“This is Lagos”

December 11, 2007

The bridge then passes the sawmill district, where rain-forest logs—sent across from the far shore, thirty miles to the east—form a floating mass by the piers. Smoldering hills of sawdust landfill send white smoke across the bridge, which mixes with diesel exhaust from the traffic. Beyond the sawmills, the old waterfront markets, the fishermen’s shanties, the blackened façades of high-rise housing projects, and the half-abandoned skyscrapers of downtown Lagos Island loom under a low, dirty sky. Around the city, garbage dumps steam with the combustion of natural gases, and auto yards glow with fires from fuel spills. All of Lagos seems to be burning.The bridge descends into Lagos Island and a pandemonium of venders’ stalls crammed with spare parts, locks, hard hats, chains, screws, charcoal, detergent, and DVDs. On a recent afternoon, car horns, shouting voices, and radio music mingled with the snarling engines of motorcycle taxis stalled in traffic and the roar of an air compressor in an oily tire-repair yard.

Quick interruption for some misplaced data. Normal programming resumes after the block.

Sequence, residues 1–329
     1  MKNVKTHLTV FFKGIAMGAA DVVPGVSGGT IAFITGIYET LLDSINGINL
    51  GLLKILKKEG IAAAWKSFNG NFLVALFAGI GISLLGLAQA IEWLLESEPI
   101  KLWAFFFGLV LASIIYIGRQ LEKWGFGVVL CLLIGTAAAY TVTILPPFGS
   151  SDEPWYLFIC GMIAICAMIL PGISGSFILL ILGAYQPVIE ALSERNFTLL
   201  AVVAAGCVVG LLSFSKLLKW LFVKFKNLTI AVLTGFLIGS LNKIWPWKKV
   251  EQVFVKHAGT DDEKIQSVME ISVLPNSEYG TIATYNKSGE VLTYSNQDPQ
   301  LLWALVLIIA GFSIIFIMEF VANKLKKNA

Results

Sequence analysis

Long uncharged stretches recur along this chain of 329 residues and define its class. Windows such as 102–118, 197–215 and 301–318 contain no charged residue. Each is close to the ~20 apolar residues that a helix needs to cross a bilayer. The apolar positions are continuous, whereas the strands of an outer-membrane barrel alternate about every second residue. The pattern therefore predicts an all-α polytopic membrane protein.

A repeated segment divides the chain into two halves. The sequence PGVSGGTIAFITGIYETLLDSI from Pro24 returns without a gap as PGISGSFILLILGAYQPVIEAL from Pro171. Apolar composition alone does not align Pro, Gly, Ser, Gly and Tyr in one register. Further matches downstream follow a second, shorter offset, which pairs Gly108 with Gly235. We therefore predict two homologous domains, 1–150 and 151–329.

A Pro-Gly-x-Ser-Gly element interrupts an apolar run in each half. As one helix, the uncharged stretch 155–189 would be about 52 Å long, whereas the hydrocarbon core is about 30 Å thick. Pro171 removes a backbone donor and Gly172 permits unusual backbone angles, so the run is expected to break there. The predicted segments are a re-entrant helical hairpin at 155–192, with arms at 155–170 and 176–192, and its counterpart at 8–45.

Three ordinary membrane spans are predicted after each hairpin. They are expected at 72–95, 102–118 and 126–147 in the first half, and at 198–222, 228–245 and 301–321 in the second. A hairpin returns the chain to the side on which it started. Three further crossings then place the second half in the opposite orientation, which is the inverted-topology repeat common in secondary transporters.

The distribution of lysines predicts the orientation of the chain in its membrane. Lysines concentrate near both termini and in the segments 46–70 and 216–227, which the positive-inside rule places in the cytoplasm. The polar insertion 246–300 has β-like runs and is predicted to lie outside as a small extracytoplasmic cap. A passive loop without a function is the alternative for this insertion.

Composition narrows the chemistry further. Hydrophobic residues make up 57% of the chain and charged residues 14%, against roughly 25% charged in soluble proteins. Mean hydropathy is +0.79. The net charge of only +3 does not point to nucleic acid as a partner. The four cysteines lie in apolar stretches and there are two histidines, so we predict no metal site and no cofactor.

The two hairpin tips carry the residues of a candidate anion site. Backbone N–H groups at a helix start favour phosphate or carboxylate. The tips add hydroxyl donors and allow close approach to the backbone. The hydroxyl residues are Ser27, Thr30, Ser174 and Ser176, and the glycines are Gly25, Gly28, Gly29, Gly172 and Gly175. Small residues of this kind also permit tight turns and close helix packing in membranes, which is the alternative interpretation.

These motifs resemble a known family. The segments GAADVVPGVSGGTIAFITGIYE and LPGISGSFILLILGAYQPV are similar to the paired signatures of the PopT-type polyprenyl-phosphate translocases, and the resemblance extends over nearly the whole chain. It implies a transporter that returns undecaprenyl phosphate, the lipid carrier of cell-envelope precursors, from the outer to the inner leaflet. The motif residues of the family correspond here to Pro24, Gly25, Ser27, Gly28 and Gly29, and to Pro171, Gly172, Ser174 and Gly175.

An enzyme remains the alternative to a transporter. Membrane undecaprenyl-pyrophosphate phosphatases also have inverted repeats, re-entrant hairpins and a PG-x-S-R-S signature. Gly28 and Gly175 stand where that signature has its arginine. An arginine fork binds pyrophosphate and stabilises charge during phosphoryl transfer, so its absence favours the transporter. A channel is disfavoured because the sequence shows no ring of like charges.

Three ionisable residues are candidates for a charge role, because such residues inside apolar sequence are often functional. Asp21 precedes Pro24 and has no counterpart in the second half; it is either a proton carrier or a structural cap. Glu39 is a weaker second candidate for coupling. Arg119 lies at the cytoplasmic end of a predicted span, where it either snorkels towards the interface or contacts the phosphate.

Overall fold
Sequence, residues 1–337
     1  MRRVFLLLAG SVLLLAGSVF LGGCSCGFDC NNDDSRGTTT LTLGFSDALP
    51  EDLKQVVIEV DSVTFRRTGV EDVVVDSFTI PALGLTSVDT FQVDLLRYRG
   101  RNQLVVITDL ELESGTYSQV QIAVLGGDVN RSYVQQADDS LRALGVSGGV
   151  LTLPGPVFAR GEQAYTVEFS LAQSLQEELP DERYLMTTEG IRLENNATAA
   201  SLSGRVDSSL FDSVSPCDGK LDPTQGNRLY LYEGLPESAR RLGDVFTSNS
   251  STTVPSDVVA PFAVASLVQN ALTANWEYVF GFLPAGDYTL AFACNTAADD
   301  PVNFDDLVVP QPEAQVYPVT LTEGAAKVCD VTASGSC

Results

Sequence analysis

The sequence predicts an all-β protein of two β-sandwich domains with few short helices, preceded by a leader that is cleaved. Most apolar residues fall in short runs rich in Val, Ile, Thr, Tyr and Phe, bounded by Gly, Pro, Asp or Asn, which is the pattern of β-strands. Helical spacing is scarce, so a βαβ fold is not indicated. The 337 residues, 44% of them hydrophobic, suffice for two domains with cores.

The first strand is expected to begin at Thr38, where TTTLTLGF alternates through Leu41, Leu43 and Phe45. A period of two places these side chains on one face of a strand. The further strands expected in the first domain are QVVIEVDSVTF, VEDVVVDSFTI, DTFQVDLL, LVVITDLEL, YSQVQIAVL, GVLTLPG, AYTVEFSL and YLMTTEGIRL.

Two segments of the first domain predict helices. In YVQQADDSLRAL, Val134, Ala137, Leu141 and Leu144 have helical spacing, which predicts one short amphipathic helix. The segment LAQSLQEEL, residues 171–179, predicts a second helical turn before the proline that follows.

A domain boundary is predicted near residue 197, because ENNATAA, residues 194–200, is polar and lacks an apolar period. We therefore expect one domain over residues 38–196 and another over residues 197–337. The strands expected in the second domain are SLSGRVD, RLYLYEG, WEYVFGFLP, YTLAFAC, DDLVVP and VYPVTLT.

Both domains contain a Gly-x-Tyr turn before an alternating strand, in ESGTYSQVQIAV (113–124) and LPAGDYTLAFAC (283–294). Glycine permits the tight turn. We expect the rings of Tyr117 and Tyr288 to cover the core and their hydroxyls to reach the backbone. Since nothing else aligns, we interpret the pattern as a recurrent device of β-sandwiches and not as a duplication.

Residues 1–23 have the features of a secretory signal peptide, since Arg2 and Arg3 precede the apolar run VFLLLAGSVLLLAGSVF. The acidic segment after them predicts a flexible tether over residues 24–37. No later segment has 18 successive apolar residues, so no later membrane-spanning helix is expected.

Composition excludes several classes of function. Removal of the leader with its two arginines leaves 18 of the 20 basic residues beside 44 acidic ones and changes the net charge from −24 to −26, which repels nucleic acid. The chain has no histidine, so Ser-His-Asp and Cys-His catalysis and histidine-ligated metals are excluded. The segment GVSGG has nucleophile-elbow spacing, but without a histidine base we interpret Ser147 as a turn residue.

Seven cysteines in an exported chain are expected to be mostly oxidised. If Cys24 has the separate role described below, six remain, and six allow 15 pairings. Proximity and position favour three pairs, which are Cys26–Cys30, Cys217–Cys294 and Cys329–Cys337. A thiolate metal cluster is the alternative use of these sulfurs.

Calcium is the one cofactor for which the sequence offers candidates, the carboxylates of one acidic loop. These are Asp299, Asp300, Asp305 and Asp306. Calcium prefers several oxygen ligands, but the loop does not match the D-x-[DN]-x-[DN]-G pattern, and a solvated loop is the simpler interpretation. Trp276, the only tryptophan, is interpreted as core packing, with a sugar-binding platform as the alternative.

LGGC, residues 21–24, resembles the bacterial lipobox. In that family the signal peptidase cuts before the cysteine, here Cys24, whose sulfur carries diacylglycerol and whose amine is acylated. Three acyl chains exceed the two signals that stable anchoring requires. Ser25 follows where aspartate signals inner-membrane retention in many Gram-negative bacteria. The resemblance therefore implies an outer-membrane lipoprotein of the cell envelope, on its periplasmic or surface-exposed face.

The Megacity: The New Yorker, via metafilter.

IEEE feature on megacities. Wikipedia on ‘megacity’. Wikipedia on Lagos. UN Report on Urban growth. Official website of the Lagos State government. CIA World Factbook entry. Latest news from Nigeria. Official website of the Catholic Bishops Conference of Nigeria.


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